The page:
Saturday, October 30, 2010
Thursday, October 28, 2010
I have started blogging at Bull v. Elephant. I'm not sure how it all happened, but it just did. I'm not sure if I'll be able to continue giving both this blog and the new one the attention they deserve. It doesn't seem quite appropriate to post every random thought over at B. v. E. like I can here. However, I like that fact that more than Danny, Brett and Val (and maybe Dallas?) read the other blog. In short, I do not know how much blogging time will be left to blog here. I think you are more than welcome to read and comment at B. v. E. if you'd like. I don't really know that for sure, though.
Monday, October 18, 2010
Saturday, October 16, 2010
But we were at the Wonder Room to see Teenage Fanclub.
They were good, but they looked twenty years older than in the video. Of Course, that video was made twenty years ago.
BONUS: What's the link between Telekinesis! and The Velvet Teen?
Wednesday, October 13, 2010
Soccer has its strengths and weaknesses. Its most obvious drawback is not very much scoring. These Simpsons clips speak much truth about the sport's drawbacks:
Low scoring is also sort of a virtue because scoring a goal in soccer is kind of like catching a long bomb in football or hitting a home-run in baseball. Goals are rare enough that they're always exciting.
I also like the fact that the game is a constant flow of action. There's really only one break at the half.
There seems to be a conservative divide on soccer--that is liberals like it and conservatives think American sports are better. I'm not sure why that is. Also, I find most American fans of soccer really annoying for some reason. Like I saw a bunch of galaxy fans with their scarfs on in LA and just thought it was kind of obnoxious and not very authentic.
2. I really haven't played video games that much in the last 4 years, but in Scotland I played a lot of FIFA 10, and got really into it. I thought maybe it was only fun because I had a lot of people to play with, but I've had FIFA 11 for 2-plus weeks now, and I still look forward to playing every day. There are some differences between 10 and 11. Passing is harder in FIFA 11, and so is making that chip/lob-shot over the goalie. But it's more or less the same game I've been playing straight for over a month. Not sure why the game has such depth, but it does.
Monday, October 11, 2010
Saturday, October 9, 2010
The author of that trolley problem has died:
The most arresting of her examples, offered in just a few sentences, was the ethical dilemma faced by the driver of a runaway trolley hurtling toward five track workers. By diverting the trolley to a spur where just one worker is on the track, the driver can save five lives.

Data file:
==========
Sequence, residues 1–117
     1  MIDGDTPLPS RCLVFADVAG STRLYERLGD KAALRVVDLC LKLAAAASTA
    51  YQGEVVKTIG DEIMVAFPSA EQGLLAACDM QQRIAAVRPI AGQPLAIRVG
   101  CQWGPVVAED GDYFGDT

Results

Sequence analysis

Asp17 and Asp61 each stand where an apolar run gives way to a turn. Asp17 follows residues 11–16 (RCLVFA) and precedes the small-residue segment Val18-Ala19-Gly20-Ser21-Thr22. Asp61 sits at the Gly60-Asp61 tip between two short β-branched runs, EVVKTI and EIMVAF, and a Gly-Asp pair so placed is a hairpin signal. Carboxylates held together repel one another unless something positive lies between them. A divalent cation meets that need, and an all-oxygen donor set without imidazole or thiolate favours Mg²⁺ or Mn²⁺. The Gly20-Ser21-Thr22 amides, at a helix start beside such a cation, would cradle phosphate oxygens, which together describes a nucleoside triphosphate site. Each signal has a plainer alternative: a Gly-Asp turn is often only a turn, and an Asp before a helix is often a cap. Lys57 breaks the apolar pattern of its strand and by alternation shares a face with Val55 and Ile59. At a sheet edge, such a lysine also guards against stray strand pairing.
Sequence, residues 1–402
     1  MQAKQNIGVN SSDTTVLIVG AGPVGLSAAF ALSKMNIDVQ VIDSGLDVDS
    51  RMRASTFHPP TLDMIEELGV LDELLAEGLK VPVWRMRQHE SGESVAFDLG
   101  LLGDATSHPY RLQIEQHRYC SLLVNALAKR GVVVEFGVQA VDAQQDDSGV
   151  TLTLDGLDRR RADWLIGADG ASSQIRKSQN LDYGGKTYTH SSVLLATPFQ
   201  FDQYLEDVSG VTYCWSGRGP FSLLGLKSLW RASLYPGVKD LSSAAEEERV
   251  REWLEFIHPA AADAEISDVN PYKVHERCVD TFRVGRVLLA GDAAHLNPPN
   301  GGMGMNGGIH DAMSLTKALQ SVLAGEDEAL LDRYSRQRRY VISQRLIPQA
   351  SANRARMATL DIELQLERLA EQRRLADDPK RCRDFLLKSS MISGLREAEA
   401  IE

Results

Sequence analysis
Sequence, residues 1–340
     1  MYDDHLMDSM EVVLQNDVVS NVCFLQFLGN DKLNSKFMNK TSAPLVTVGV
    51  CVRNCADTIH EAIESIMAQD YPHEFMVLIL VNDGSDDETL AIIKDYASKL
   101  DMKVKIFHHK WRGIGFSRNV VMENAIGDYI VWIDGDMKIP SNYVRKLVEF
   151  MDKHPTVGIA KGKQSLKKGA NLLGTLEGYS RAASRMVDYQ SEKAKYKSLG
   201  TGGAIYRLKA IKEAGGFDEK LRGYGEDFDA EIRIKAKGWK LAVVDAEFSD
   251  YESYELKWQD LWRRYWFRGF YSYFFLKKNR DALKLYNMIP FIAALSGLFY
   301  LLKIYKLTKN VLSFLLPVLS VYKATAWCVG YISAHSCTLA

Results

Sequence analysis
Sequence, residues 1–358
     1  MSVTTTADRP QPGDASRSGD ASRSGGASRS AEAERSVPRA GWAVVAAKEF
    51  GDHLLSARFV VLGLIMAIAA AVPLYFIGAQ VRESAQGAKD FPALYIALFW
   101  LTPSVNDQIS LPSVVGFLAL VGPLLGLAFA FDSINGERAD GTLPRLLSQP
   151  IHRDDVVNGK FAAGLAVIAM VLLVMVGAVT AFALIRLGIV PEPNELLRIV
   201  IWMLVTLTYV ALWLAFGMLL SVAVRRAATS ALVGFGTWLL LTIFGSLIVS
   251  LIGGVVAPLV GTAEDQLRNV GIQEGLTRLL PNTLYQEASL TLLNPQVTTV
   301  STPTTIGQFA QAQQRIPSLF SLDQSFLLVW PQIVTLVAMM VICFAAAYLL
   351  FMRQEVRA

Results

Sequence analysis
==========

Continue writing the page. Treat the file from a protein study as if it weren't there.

Clearly, the driver should divert the trolley and kill one worker rather than five.
But what about a surgeon who could also save five lives — by killing a patient and distributing the patient’s organs to five other patients who would otherwise die? The math is the same, but here, instead of having to choose between two negative duties — the imperative not to inflict harm — as the driver does, the doctor weighs a negative duty against the positive duty of rendering aid.
Tuesday, October 5, 2010
I mostly liked your EconTalk podcast about immigration, and thought most of your arguments for open immigration were pretty good. But your thought experiment where a person goes to Haiti to do humanitarian work only to discover he can't return to the U.S. is, I think, off. What I think you're trying to show is that only country of birth--which is a matter of luck --separates poor Haitians from comparatively well off Americans. The randomness is unfair! Well, the listener certainly gets a sense of outrage, but, I think, for the wrong reasons.I think the biggest source of outrage in the example is not the randomness of allocation to countries, but the random government rule change mid-trip. The humanitarian was relying on the fact that he would be able to return to the U.S. The reaction would be much different if the humanitarian knew before he left that he could not return. I don't see how outrage over a sudden rule change helps your case for open immigration.The hypothetical is also unsettling because the humanitarian had something that was taken away from him, as opposed to having had less to begin with. I'd feel bad for a billionaire that lost his fortune and had to make due with $100,000 a year, even though that income is actually quite good by most standards. But maybe that is parts of your point--that we should be just as outraged about the unseen consequences of immigration policy as the seen consequences in the hypothetical? Maybe we should lament missed opportunities as much as a loss? At least the humanitarian got to live in the U.S. for a while. But psychological, I don't think we do, which makes the U.S.'s arguably unduly-restrictive immigration policy at least more psychologically benign than your hypothetical.Finally, your hypothetical misses the mark because the humanitarian is permanently and involuntarily relocated. I think people would find the idea of a person who lives in Portland, OR going on a business trip to New York, NY and then discovering that he can't return to Portland mid-trip troubling, even if he could take his family and friends with him. And by your account, New York is better than Portland. So I don't think this sense of unease has much to do with different standards of living. The average person is going to find this sort of involuntary, permanent relocation and disruption of life troubling, regardless of economic opportunity.